Archives

Weekly Notes: legal news from ICLR – 26 February 2016

This week’s guided tour takes us behind the scenes at the BBC in the 1970s, to the more contemporary legal world of tribunals, prosecutors and the Supreme Court, and then back to the BBC for a mashed up glimpse of fictitious Victorian grime and detection.

(But, no doubt to everyone’s relief, nothing this week about the EU referendum. This will run and run and we see no point in mentioning more than once a month at most.) Reports Dame …

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Weekly Notes: legal news from ICLR – 19 February 2016

This week’s roundup of legal news and commentary includes the opening of the referendum season, the passing of two literary giants, the correction of a 30-year misdirection, and a new guide to Chancery practice. Plus Apple v FBI writ.

 

EU referendum In / Out / Shake it all about

The Prime Minister David Cameron spent much of this week in negotiations with his European counterparts, attempting to get a “deal” he could present to the …

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The Crime Museum

The Crime Museum is a collection of objects and documents preserved by the police from crimes they have investigated. It used to be called the Police Museum and is based at New Scotland Yard. A selection of its contents forms the basis of an exhibition currently (until 10 April 2016) on display at the Museum of London. Paul Magrath went to see it.

The Police Museum began, some time in the 1870s, from a collection of …

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Weekly Notes: legal news from ICLR – 12 February

This week’s roundup of legal news and comment includes a new approach to prisons, notes and queries on court reporting, two legal issues on internet links and the end of the Indy.

Prison reform Prime Minister outlines plan for reform of prisons

On 8 February David Cameron spoke at the Policy Exchange on prison reform including plans to give governors complete control over the way they run their prisons. You can read the text of his speech here. Salient …

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Expanding The Weekly Law Reports – Introducing Volume 4

Expanding The Weekly Law Reports – Introducing Volume 4

We are pleased to announce a significant expansion in the coverage offered by The Weekly Law Reports.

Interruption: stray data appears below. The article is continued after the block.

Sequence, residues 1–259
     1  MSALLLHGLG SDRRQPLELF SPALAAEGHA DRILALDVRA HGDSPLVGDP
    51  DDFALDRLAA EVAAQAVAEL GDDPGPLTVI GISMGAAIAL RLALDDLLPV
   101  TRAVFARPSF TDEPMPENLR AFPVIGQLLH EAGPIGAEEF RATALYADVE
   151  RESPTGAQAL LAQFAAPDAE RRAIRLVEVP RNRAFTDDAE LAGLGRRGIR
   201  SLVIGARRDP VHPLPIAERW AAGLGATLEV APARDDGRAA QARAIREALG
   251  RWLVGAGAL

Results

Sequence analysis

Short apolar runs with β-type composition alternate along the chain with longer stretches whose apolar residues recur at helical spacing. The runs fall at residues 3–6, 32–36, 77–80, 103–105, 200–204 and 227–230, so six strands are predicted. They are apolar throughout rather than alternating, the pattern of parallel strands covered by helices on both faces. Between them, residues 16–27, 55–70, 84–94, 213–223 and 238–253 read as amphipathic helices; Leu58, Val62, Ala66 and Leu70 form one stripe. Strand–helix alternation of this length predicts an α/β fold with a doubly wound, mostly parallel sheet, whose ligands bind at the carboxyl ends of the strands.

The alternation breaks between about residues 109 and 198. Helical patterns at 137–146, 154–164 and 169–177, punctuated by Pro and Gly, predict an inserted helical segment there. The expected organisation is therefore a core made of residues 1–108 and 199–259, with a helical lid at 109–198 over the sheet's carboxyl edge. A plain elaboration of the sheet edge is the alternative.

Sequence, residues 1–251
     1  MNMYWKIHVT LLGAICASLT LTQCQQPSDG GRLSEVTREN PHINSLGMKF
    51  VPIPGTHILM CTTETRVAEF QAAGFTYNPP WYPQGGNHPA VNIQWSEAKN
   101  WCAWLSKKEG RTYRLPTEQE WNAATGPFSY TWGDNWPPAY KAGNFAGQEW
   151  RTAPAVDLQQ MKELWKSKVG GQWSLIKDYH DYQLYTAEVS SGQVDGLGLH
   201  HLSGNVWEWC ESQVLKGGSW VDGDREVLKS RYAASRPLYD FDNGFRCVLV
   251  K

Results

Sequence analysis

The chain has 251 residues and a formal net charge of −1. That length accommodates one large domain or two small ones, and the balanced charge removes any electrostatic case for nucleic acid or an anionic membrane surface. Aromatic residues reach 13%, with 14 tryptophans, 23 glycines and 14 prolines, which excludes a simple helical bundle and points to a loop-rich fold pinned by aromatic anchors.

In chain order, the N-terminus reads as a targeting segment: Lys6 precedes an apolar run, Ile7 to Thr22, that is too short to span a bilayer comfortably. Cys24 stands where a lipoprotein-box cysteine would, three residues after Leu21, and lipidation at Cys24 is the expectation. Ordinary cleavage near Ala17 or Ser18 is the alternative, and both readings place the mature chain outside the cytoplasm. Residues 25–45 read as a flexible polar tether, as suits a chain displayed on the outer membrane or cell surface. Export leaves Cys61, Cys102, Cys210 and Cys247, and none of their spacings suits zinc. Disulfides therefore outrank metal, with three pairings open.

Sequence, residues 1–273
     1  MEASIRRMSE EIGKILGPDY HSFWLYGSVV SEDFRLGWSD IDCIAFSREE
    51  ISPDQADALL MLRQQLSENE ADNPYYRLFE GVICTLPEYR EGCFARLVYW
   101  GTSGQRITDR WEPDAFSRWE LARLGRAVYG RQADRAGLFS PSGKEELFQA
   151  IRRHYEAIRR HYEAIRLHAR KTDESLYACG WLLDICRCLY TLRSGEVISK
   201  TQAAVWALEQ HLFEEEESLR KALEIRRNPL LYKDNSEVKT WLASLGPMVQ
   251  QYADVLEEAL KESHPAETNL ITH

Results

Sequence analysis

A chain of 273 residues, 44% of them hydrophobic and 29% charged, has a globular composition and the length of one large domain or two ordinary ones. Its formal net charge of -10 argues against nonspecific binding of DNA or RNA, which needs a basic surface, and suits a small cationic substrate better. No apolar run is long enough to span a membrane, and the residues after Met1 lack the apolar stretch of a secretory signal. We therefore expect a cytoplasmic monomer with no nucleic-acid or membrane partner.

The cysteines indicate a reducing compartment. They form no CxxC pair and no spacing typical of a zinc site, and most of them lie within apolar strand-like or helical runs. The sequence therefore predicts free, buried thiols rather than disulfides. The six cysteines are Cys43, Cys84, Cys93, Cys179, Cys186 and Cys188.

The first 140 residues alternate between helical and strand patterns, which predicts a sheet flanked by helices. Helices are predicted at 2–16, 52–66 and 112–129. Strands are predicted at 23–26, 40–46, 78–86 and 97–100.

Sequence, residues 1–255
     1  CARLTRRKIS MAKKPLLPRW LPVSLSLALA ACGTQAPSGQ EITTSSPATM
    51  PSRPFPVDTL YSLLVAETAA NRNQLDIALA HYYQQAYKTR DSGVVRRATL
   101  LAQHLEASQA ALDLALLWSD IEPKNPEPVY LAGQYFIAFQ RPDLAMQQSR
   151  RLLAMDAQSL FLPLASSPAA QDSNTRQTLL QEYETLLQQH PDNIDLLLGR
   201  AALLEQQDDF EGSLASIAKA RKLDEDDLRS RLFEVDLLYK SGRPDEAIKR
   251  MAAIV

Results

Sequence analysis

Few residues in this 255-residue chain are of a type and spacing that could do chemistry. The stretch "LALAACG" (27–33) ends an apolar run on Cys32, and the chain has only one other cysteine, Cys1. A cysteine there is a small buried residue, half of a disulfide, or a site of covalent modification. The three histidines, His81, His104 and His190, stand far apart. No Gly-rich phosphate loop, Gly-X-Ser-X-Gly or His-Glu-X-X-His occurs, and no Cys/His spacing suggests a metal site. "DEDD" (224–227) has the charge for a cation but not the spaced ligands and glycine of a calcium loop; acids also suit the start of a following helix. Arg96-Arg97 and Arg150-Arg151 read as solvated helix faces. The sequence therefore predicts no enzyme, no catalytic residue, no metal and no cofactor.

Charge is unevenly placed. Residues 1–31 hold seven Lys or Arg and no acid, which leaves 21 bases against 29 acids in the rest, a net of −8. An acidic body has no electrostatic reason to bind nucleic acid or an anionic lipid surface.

Since it entered circulation in 1953, The Weekly Law Reports has provided the most up to date and comprehensive generalist coverage of law-changing judgments in England and Wales.

Over the past 63 years, the volume of cases entering the English justice system has grown relentlessly. There is far more law to keep abreast of in 2016 than ever before. As law reporters, this …

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Case Law: Ewing v Cardiff Crown Court, The taking of notes in court does not require judicial permission – Hugh Tomlinson QC

Case Comment

In the case of Ewing v Crown Court sitting at Cardiff and Newport [2016] EWHC 183 (Admin); [2016] WLR(D) 62  the Divisional Court confirmed an important feature of the open justice principle: that permission is not needed in order to take notes in Court. Although the Court may, for good reason, withdraw the liberty to take notes, the default position is that anyone who attends a public hearing is free to take notes.

Background

The claim arose out …

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Weekly Notes: legal news from ICLR – 5 February 2016

This week’s roundup of legal news and commentary includes the arbitrary detention of Assange; the ever-receding British Bill of Rights; a radio programme about divorce; matters of judgment, judgement (with an e) and instinct; and the future of electoral law. Inter, as they say, alia. [Updated 8 Feb].

 

Human rights UN working group finds Assange in “arbitrary” detention

Julian Assange, who has evaded extradition to Sweden by seeking sanctuary in the Ecuadorian embassy in London, has complained about his situation …

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Weekly Notes: legal news from ICLR – 29 January 2016

This week’s roundup of legal news and commentary includes Lord Chancellor’s legal aid U-turn, a parliamentary look at the court fees hike, a welcome piloting of transparency in the Court of Protection, and some good and bad news on diversity.

 

Criminal Legal Aid Gove’s dramatic U-turn poses question

And the question is: what next? The Lord Chancellor Michael Gove has already u-turned a number of policies introduced by his predecessor, Chris Grayling, including the so-called …

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